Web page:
Fig. 1: The flowchart of target recognition for ISAR image based in GAN and DCNN using transfer learning.
The flowchart of target recognition for ISAR images based on GAN and DCNN using transfer learning is shown in Fig. 1. If the entire ISAR image is labelled as a target, the matching
= arg min
log(1 (()), )
features accounting background characteristics will affect the results of the classification because the target ship only takes up
where z is random noise, is parameters of generator and x is real data (data distribution). From , discriminator can also be converted to optimization problem which is expressed as:
Similarly, CNN is used to design discriminators with flow of data as shown in Fig. 4. It takes the batch of ISAR images from data distribution as input and corresponding output from generator (model distribution) to learn the parameters and
= arg max log(())
where is parameters of discriminator.
This design makes it possible to train the generator model G in order to bypass the differential discriminator D that is trained to distinguish the model distribution (generator output) from the data distribution (simulated ISAR images).It
encourages the generator to construct an ISAR image from random noise and to recover all data points by introducing an adversarial loss.
The data distribution contains simulated ISAR images with help of mathematical solvers and pre-processed for training. The design and construction of both elements of GAN is discussed in the next sub section.
Fig. 2: The framework based on GAN for ISAR image
Design of GAN
The experiment carried out in  has shown that, in imaging equality, Complex Valued- CNN (CV-CNN) has no significant benefits over Real Valued-CNN with the exception of time consumption. Therefore, absolute values are used to learn the GAN and image classification . The main features appear as bright spots (amplitude) in ISAR images, unlike optical images, which appear in different colour details and rich edges with differentiable backgrounds. To account for image contrast as the most important for the extraction of features that can be found in the Res-Net architecture , while preventing network degradation the image contrast is transmitted directly through skip connections.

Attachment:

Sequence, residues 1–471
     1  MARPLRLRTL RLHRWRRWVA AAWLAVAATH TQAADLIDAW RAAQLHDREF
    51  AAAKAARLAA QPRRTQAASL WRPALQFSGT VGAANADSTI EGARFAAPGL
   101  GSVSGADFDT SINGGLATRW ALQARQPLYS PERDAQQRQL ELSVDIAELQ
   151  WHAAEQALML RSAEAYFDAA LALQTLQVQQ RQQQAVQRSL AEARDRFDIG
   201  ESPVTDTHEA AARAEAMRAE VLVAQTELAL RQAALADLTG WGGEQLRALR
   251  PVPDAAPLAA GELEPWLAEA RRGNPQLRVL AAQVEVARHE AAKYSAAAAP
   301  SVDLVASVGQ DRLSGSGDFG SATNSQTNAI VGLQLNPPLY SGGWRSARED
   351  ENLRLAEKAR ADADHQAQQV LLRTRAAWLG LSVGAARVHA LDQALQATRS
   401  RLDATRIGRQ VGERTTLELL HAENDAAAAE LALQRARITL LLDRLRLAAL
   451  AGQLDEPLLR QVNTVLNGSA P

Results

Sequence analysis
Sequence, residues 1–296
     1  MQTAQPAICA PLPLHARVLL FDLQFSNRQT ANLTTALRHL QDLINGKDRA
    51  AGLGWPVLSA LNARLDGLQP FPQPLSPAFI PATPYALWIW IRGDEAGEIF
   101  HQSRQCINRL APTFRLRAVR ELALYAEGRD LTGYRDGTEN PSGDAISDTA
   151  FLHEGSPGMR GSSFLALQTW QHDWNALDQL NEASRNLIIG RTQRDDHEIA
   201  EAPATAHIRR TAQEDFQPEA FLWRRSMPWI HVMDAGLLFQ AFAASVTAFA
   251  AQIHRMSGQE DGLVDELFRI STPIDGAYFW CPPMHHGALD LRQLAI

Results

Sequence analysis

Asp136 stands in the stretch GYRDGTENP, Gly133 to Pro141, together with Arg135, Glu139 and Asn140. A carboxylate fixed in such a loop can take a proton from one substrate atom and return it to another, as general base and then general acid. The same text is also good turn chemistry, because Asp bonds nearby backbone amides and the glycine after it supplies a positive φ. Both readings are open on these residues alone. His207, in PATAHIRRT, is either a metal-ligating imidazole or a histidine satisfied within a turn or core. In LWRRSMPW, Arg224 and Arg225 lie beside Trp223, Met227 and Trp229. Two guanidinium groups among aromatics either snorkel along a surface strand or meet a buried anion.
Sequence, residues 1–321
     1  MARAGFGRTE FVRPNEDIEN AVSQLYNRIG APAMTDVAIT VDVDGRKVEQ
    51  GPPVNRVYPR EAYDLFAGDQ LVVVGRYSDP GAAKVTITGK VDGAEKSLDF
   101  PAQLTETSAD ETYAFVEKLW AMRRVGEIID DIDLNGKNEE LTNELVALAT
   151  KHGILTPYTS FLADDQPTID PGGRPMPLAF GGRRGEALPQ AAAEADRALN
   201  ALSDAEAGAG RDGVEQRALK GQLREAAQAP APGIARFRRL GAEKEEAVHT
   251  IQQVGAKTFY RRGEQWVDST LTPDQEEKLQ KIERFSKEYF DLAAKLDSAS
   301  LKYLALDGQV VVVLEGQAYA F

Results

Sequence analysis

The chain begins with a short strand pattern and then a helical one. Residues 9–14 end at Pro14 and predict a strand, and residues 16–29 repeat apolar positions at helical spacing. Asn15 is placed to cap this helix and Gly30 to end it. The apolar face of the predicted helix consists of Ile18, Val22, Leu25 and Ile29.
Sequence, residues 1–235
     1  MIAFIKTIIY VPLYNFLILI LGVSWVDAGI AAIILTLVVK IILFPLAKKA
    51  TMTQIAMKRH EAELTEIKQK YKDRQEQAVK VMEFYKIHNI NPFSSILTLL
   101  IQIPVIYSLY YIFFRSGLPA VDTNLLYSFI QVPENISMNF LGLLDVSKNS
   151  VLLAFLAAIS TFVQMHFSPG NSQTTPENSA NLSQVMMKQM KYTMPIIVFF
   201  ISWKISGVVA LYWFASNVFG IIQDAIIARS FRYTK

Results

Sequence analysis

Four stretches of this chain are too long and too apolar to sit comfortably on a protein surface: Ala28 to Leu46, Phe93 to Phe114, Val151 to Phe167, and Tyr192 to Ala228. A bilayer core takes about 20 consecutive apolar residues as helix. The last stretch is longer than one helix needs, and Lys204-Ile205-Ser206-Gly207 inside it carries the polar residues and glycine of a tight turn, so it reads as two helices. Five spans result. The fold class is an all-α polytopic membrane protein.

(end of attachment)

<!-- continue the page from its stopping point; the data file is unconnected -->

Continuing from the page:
Inspired by Res-Net architecture, designing your own convolutional neural network to work on image contrast feature extraction is the most important. For this work, the dataflow layers stacked for generators, is shown in Fig. 3, in order to extract the maximum number of features belonging to different ships. In the beginning, the random noise is given to the generator and reshaped to desired shape and subsequently convolutional operations are used to extract the features. The group of 2D-Convolution, Batch Normalization, Rectified Linear Unit and Upsampling (conv2d-BN-ReLU-Upsampling) layers acts as residual blocks, where it helps to structure the noise into ship images and upsample the data at each residual block to obtain desired ISAR image size.
Fig. 3: Stack of dataflow layers for Generator
improvise the generator to produce better images. The job of a discriminator is to classify the input image into fake or real with respect to data distribution. The seven convolutional layers are stacked in a sequence with an increasing number of feature maps, each layer being increased by a factor of 2 from 16 to 256 except for last two layers as in the Visual Geometry Group Network (VGGNet) which is a very deep convolutional neural network . In the ISAR images, each pixel is related to the cross-section of the target and the range of pixel values is broad, the data distribution images are more susceptible to normalization, which is already accomplished in the pre- processing portion. The dropout layer is used in order to choose multiple independent paths to avoid overfitting of data. The PReLU layer is used to avoid sparse gradients instead of ReLU. The performance can be achieved at the highest level by deleting batch normalization (BN) layers, which reduces the computational complexity of the residual blocks. Since ISAR images are prone to image contrast and it is necessary to normalize the data in blocks, in this work, BN layers are used in the GAN architecture which is proven in .
Fig. 4: Stack of dataflow layers for Discriminator
For better performance out of the generator, a definition of a loss function is critical. Mean Squared Error (MSE) is widely used in many applications but cross-entropy helps loss to be calculated in log scale to prevent large range of numbers. Precisely, binary cross-entropy loss is used since it is the log loss it helps in training the network faster compared to others. The binary cross-entropy is defined as follows:
= [ log() + (1 ) log(1 )] (3) where and represent actual class and predicted class, respectively. Because the significant target ship features only appear as bright spots in the ISAR images, if the loss function used for the generator is binary cross-entropy, due to log operation all the feature weights calculation will be relatively equal, resulting in minimal enhancement and loss of some weak point scatters. For discriminator, its job is to classify the generator output between fake or real i.e. binary classification, the loss function used is binary cross-entropy.